Why Won’t Dell Stop Sucking?!

For some reason people keep buying Dells.

I remember a couple of years ago all the small form factor optiplex’s I had suffered from a bad cap on the motherboard.  Eventually all of them just die.

My whole team at work have the same model workstation and the PSU went on each of them, one by one.

I have a service tag – the “serial number” unique to each computer – and type it into their site looking for drivers.  You would think, being that this tag is unique, that they could look up your computer and give you your network card drivers, your video driver etc.  NO!  Instead they give you the choice to download every driver for every chipset that was ever used on that given model.  Why do I have this service tag?!  Why don’t I just type in the model?!  Its the same results!

After all that people still buy these pieces of crap.  They never even question why that is.

A Very Righteous Hack

A roadside traffic sign in Austin, Texas was hacked into so that it displayed a message warning passing motorists of zombies ahead. Police are investigating the incident, and if they are caught, the perpetrators could face misdemeanor road sign tampering charges.  The vandals broke a lock on the sign and then managed to gain access to the computer that controls its readout because it was using a default password.  They also changed the password, so city employees had to wait for the manufacturer to reset the password before the sign could be changed.  A city spokesperson acknowledged that while “the sign’s content was humorous, … the act of changing it wasn’t.”

http://www.dallasnews.com/sharedcontent/dws/news/localnews/transportation/stories/013009dnmetzombies.1595f453.html

I have an issue of 2600 magazine from about 5 years ago that contains that default password.  I had always thought it would be funny if did something like this.  They even changed the default password.  How perfect.

DISCLAIMER: I do no endorse the “hacking” of morons who don’t change default passwords.

Take THAT IE Fan Boy

Bruce Schneier just posted an interesting article on his blog entitled “Interview with an Adware Developer“.

This article reinforces many of the things I have been telling people for a very long time, but for whatever reason never sinks in.

I should probably first speak about how adware works. Most adware targets Internet Explorer (IE) users because obviously they’re the biggest share of the market. In addition, they tend to be the less-savvy chunk of the market. If you’re using IE, then either you don’t care or you don’t know about all the vulnerabilities that IE has.

IE has a mechanism called a Browser Helper Object (BHO) which is basically a gob of executable code that gets informed of web requests as they’re going. It runs in the actual browser process, which means it can do anything the browser can do—which means basically anything.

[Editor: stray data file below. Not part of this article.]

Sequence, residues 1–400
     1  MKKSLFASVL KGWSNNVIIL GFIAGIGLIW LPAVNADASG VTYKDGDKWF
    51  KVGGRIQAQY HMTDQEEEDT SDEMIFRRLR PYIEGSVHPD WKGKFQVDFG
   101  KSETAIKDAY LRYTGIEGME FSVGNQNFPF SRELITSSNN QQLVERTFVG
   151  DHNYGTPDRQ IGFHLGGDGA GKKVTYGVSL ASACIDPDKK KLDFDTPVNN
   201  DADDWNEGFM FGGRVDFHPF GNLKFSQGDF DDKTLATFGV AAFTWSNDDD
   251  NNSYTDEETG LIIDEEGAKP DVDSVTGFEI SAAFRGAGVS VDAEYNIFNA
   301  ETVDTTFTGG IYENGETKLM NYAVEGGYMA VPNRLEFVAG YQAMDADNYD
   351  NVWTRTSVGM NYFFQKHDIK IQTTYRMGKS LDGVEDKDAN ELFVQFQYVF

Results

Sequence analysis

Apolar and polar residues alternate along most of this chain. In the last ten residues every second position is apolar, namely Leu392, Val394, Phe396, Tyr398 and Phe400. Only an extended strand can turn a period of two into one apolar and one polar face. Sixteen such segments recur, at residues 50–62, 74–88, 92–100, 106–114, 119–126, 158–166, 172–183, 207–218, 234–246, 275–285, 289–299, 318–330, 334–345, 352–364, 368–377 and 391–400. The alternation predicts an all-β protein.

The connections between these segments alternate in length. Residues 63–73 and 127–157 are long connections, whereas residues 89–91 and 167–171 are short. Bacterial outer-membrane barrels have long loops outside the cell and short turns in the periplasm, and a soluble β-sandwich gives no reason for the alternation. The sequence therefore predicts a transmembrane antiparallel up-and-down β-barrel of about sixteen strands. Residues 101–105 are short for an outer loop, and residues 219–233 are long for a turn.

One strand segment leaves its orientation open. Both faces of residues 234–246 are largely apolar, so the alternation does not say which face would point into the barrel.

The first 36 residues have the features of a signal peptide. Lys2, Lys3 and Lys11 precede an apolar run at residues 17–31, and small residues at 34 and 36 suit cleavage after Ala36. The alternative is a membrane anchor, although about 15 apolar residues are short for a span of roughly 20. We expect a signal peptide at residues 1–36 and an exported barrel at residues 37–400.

Aside from reinforcing that Internet Explorer is a poor choice to use for web browsing (unless you enjoy collecting and cleaning malware… you know, for practice), it also outlines an interesting new technique that I recently witnessed as I was cleaning a machine.

If you also have an installer, a little executable, you can make a Registry entry and every time this thing reboots, the installer will check to make sure the BHO is there. If it is, great. If it isn’t, then it will install it. That’s fine until somebody goes and deletes the executable.

The next thing that Direct Revenue did—actually I should say what I did, because I was pretty heavily involved in this—was make a poller which continuously polls about every 10 seconds or so to see if the BHO was there and alive. If it was, great. If it wasn’t, [ the poller would ] install it.

During my live analysis of this machine I used the ms/sysinternals filemon program to watch for a bit and noticed explorer.exe doing something similar to what the author describes.

34139    6:32:11 PM    explorer.exe:2916    OPEN    C:\NTDETECT.COM:QebiesnrMkudrfcoIbamtykdDa.exe:$DATA    NOT FOUND    Options: Open  Access: Read

The article explains how they will create a seemingly random named file (a hash of the mac address) and use that as the installer.  This one appears to be a variant on the technique that takes it a step further and uses hidden data streams (or alternate data streams). These are data streams that I had previously detected and removed.

The article also has an interesting point about evasion.

Next we made a function shuffler, which would go into an executable, take the functions and randomly shuffle them. Once you do that, then of course the signature’s all messed up. [ We also shuffled ] a lot of the pointers within each actual function. It completely changed the shape of the executable.